Mayor Jim Kenney apologized Monday for dining inside a Maryland restaurant over the weekend while indoor dining remains prohibited in Philadelphia until next week.
The apology came after a widely circulated photo of Kenney’s visit to a restaurant near the Chesapeake Bay drew criticism from Philadelphia restaurateurs who say the city’s coronavirus shutdown has been too restrictive.
“I know some are upset that I dined indoors at a restaurant in Maryland yesterday,” Kenney wrote Monday afternoon on Twitter. “I felt the risk was low because the county I visited has had fewer than 800 COVID-19 cases, compared to over 33,000 cases in Philadelphia. Regardless, I understand the frustration.
“Restaurant owners are among the hardest hit by the pandemic,” he added. “I’m sorry if my decision hurt those who’ve worked to keep their businesses going under difficult circumstances. Looking forward to reopening indoor dining soon and visiting my favorite spots.”
It was not clear who originally took the photo, which the mayor’s office confirmed was taken Sunday at Chesapeake Inn Restaurant & Marina in Chesapeake City. But it quickly spread on social media.
Philadelphia restaurateur Marc Vetri, who has been a vocal critic of the city’s indoor dining ban, shared the photo on his Instagram account Sunday.
”Hi @phillymayor,” Vetri wrote. “Glad you’re enjoying indoor dining with no social distancing or mask-wearing in Maryland tonight while restaurants here in Philly close, suffer and fight for every nickel just to survive. I guess all your press briefings and your narrative of unsafe indoor dining don’t apply to you. Thank you for clearing it all up for us tonight.”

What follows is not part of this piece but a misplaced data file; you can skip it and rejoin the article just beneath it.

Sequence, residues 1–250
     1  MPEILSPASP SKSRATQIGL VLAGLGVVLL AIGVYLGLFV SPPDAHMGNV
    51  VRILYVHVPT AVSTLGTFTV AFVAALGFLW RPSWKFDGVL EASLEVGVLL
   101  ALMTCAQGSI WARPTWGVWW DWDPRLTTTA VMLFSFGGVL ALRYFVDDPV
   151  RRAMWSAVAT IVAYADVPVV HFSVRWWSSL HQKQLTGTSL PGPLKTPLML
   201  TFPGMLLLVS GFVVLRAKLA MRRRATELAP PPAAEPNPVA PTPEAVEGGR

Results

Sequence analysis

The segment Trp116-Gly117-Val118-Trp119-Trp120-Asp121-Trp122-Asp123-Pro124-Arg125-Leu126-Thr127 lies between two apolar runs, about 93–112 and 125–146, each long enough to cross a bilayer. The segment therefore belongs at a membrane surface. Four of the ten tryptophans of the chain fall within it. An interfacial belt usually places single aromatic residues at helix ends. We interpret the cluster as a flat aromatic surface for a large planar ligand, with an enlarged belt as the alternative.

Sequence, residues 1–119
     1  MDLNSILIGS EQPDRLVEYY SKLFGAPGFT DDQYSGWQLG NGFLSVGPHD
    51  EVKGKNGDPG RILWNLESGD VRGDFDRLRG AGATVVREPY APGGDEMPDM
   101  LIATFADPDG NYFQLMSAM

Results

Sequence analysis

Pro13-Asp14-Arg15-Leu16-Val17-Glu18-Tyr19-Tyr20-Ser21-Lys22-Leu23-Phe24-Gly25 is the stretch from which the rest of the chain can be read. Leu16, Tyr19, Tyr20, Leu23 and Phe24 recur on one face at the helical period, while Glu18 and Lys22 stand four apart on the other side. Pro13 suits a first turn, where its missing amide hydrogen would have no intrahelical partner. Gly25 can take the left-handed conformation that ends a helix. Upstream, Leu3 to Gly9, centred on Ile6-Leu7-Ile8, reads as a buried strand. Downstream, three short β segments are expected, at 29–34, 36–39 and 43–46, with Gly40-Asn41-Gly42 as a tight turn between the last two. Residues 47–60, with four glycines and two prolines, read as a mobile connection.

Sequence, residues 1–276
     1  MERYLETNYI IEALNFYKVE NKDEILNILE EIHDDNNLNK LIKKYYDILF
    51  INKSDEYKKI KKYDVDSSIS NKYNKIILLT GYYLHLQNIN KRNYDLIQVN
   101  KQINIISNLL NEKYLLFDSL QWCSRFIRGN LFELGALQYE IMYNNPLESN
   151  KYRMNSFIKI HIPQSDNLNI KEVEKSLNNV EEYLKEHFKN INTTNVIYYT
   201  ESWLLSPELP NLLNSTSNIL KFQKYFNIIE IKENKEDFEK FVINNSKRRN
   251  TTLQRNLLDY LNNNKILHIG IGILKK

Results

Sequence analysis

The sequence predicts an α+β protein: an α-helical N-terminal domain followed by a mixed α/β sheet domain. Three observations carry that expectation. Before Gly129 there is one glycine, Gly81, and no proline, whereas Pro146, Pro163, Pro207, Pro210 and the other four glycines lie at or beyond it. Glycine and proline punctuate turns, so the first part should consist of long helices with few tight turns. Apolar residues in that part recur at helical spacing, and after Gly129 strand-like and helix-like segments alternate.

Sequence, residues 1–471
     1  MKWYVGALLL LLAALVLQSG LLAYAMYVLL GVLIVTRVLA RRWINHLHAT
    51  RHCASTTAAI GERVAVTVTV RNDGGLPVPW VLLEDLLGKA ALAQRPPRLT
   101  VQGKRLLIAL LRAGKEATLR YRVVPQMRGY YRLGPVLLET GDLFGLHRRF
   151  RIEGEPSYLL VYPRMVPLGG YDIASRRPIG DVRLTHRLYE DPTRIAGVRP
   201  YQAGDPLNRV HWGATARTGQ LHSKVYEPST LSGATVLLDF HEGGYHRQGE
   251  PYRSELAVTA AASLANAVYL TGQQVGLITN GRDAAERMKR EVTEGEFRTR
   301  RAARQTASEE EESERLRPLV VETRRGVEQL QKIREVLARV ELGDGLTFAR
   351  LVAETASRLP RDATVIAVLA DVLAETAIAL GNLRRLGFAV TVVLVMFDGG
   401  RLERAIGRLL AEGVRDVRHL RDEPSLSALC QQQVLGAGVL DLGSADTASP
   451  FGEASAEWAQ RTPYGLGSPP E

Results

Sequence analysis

Six months after Philadelphia shut down city restaurants in attempts to stem the spread of the coronavirus, officials announced that restaurants will once again be permitted to serve patrons indoors starting Sept. 8. Restaurant capacity will be limited to 25%, and no more than four people will be permitted at one table.
The waiting period has been tough on local eateries, forcing some to close as many others struggle to survive.
Deana Gamble, a spokesperson for Kenney, confirmed Monday that the mayor visited Chesapeake Inn, which she said is owned by his friend Gianmarco Martuscelli.
Chesapeake Inn, a waterfront restaurant, offers both indoor and outdoor dining, according to its website. Cecil County, where it is located, had reported 782 cases of COVID-19 as of Monday morning, Maryland state data showed.
Indoor dining has been permitted at 50% restaurant capacity in Maryland since June 12 — the same day Philadelphia permitted restaurants here to reopen for outdoor dining.
Upon his return to Philadelphia, Kenney also stopped to eat outdoors at Rouge in Rittenhouse Square, Gamble said.